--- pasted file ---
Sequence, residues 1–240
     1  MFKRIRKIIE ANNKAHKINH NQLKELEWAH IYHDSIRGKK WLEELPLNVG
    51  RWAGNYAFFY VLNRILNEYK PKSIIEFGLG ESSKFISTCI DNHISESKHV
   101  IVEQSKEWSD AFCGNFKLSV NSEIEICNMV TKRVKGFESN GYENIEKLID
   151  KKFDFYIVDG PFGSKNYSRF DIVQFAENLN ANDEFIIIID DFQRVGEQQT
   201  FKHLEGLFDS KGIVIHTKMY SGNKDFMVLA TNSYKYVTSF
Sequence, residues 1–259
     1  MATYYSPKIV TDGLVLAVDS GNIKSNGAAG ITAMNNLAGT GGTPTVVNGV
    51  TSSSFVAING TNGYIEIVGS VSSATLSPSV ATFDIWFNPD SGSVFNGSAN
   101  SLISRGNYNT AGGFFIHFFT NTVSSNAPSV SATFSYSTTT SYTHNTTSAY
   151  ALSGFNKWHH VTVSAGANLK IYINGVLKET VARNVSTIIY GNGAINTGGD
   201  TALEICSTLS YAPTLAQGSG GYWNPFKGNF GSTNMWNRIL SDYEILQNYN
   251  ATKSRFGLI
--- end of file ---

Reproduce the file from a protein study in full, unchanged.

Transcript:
Sequence, residues 1–240
     1  MFKRIRKIIE ANNKAHKINH NQLKELEWAH IYHDSIRGKK WLEELPLNVG
    51  RWAGNYAFFY VLNRILNEYK PKSIIEFGLG ESSKFISTCI DNHISESKHV
   101  IVEQSKEWSD AFCGNFKLSV NSEIEICNMV TKRVKGFESN GYENIEKLID
   151  KKFDFYIVDG PFGSKNYSRF DIVQFAENLN ANDEFIIIID DFQRVGEQQT
   201  FKHLEGLFDS KGIVIHTKMY SGNKDFMVLA TNSYKYVTSF
Sequence, residues 1–259
     1  MATYYSPKIV TDGLVLAVDS GNIKSNGAAG ITAMNNLAGT GGTPTVVNGV
    51  TSSSFVAING TNGYIEIVGS VSSATLSPSV ATFDIWFNPD SGSVFNGSAN
   101  SLISRGNYNT AGGFFIHFFT NTVSSNAPSV SATFSYSTTT SYTHNTTSAY
   151  ALSGFNKWHH VTVSAGANLK IYINGVLKET VARNVSTIIY GNGAINTGGD
   201  TALEICSTLS YAPTLAQGSG GYWNPFKGNF GSTNMWNRIL SDYEILQNYN
   251  ATKSRFGLI